Are Christmas saving clubs a good idea?

Are Christmas saving clubs a good idea?

This is guest by Sara Williams who writes the Debt Camel blog, where she looks at everything to do with debt and credit ratings in Britain.

At this time of year millions of people are wishing that they had saved up for Christmas. Perhaps you have told yourself that next year will be different – you will save up for Christmas 2018 throughout the year and be able to enjoy it much more.

Saving money each month for ten months is going to be easier than finding all the money in the last two months… but for many people the key questions is, where should you save it?

Are Christmas Clubs a good idea?

In a piggy bank

You can get savings cans you have to open with a can-opener or sealed piggy banks you have to smash.

Pros

  • Simple – and your children can also see you putting aside money each week. Say what you are doing so they grow up thinking saving is normal and sensible!

Cons

  • Will you (or your partner?) be tempted to get the money out early?
  • It could be stolen.

Standard bank or building society savings accounts

These could be a new current account that pays a good rate of interest, an easy access cash ISA, a savings account or a regular savings account.

Pros

  • It’s easy to set one up with someone you already bank with.
  • You can set up a standing order to feed the account each month when you are paid.
  • You may be able to get a good interest rate on a regular savings account – but check for any conditions such as how long you have to save for.
  • Your money is safe. Even if your bank went bust, your savings are protected by the FSCS scheme.

Cons

  • For many people this is just too easy to access! How often will you be tempted to dip into the Christmas pot… will you be disciplined enough to leave it where it is?

You can reduce the problem here by opening an account with a bank, building society of credit union that you don’t currently use. You could still go in and take your money out. But it’s not there as a part of your on-line banking, so it’s more than a simple click away. Will that be enough for you?

Christmas clubs

These are special Christmas savings schemes – Park is currently the biggest in Britain. You start saving early in the year and put aside some money each week or month. Often this is collected by an agent and you may be encouraged to join by someone who is, or who knows, an agent. In October or November you can withdraw the money, but it is usually in the form of vouchers or store specific spending cards.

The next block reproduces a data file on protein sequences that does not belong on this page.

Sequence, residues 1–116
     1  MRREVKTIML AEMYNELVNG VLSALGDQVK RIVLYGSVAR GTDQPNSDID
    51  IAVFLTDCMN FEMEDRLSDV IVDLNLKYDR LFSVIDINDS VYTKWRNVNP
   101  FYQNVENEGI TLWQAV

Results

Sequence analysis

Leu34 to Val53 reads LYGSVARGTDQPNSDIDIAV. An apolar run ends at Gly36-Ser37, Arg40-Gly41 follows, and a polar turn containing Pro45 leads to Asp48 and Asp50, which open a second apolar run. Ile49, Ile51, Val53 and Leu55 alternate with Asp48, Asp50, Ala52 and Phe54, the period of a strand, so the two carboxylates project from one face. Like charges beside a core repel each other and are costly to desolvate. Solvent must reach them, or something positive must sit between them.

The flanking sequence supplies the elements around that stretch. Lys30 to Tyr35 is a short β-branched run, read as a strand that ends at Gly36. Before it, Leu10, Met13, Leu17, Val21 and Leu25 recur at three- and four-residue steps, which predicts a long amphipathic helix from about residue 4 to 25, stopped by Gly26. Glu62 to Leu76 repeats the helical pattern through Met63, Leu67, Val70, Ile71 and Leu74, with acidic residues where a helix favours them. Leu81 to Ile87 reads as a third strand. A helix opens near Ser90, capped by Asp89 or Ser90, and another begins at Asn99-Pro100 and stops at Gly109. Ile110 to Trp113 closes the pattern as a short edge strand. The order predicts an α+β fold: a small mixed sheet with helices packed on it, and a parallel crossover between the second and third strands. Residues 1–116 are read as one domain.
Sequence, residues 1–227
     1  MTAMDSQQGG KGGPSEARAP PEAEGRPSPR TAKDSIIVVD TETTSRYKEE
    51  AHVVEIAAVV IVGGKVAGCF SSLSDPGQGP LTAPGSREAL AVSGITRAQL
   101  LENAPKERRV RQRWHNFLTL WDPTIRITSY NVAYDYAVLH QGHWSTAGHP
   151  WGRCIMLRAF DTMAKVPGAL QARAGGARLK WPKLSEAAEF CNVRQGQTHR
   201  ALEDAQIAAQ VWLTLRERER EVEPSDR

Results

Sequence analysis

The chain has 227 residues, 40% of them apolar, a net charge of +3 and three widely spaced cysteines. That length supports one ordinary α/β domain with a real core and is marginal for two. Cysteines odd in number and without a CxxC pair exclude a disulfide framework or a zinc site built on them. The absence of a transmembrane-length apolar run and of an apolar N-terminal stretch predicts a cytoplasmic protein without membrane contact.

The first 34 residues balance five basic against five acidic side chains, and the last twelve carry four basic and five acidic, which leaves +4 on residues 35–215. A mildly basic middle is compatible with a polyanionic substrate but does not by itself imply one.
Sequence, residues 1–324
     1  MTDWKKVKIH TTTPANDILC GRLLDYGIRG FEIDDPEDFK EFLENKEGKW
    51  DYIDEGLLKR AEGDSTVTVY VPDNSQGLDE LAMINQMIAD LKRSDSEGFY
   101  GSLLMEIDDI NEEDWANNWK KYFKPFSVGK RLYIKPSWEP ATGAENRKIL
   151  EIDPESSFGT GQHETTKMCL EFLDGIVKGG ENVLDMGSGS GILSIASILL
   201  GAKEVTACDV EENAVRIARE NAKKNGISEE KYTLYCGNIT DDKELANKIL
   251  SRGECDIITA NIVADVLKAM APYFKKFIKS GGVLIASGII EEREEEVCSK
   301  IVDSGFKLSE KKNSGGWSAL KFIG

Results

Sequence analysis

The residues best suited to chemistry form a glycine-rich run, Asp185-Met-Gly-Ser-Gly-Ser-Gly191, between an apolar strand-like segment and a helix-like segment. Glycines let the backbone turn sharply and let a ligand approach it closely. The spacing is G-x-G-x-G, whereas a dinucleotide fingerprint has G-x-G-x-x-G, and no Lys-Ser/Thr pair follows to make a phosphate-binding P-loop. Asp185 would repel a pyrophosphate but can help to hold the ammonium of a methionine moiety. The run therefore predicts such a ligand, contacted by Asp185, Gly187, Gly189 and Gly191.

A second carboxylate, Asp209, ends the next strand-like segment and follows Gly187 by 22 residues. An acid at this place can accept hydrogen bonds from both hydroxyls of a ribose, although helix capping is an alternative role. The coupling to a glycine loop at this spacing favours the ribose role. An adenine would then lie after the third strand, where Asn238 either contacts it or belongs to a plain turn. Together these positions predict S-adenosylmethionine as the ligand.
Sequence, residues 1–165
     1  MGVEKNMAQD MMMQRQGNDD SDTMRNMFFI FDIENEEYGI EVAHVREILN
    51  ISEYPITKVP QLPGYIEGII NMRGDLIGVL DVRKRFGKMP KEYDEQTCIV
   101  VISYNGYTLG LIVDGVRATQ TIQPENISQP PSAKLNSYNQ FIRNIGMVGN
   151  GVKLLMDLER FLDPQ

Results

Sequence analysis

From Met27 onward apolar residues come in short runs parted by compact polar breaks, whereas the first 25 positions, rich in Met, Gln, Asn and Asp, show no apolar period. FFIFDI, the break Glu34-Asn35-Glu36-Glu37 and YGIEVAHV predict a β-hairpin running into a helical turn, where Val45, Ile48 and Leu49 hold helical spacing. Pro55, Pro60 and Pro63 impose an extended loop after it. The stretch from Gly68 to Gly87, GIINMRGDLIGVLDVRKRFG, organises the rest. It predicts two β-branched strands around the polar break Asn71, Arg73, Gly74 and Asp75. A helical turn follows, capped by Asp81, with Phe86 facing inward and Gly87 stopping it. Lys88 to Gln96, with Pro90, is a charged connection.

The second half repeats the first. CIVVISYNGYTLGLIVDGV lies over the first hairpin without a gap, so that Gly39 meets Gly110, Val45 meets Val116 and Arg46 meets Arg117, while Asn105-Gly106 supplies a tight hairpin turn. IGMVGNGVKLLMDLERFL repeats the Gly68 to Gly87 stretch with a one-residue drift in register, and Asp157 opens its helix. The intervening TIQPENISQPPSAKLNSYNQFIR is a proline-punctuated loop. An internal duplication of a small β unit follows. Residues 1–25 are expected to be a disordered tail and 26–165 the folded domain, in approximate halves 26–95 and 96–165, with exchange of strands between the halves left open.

Pros

  • You aren’t tempted to raid your savings half way through the year.

Cons

  • There is usually a limited list of places you can shop. Even if the list looks good, you may have to decide at the start of the year how much to have from which shop. That restricts your Christmas choices which may be annoying.
  • Your money is NOT guaranteed to be safe if the savings club goes bust.

Does that last point sound like a warning you can ignore? In this case the problem is very real.

In 2006 Christmas was ruined for more than 100,000 savers when Farepak went under. It had been operating as a Christmas club for decades. Savers eventually got about a third of their money back, but many months later.

The Christmas Clubs talk about new protections and trusts. They are members of an association which may sound nice, but it isn’t a government regulator. Fundamentally nothing has changed legally. If the bank your savings are in goes bust, you will get your money back, but if the club itself fails – which is a lot more likely – your savings are not FSCS protected.

Supermarket savings schemes

Several of the supermarkets offer special Christmas saving arrangements, sometimes giving you extra bonus vouchers, so it’s like getting interest on your savings.

Pros

  • You are locking your money away until Christmas.

Cons

  • You can only spend it at that supermarket, so it won’t cover most presents.
  • Your money isn’t protected, as with the Christmas Clubs. Although of course you may decide the chance of a big supermarket going under is very small.

There is also a “casual” version of this, where you don’t put any money aside, but you just save up your ClubCard or Nectar points to use for the big Christmas shop.

Special Christmas account at Credit Unions

Many credit unions offer Christmas savings accounts. For example NHS credit union, Glasgow, Leeds, Wyvern (covers Dorset and Somerset).

Pros

  • Your money is properly protected by the FSCS
  • You can’t be tempted to take it out early.
  • You can spend the money on whatever you want.

Cons

…. None really! If there is one of these at a credit union you can join (find if you can here), it could work really well for you.

Are Christmas saving clubs a good idea?

Disclaimer

This post may contain affiliate links.

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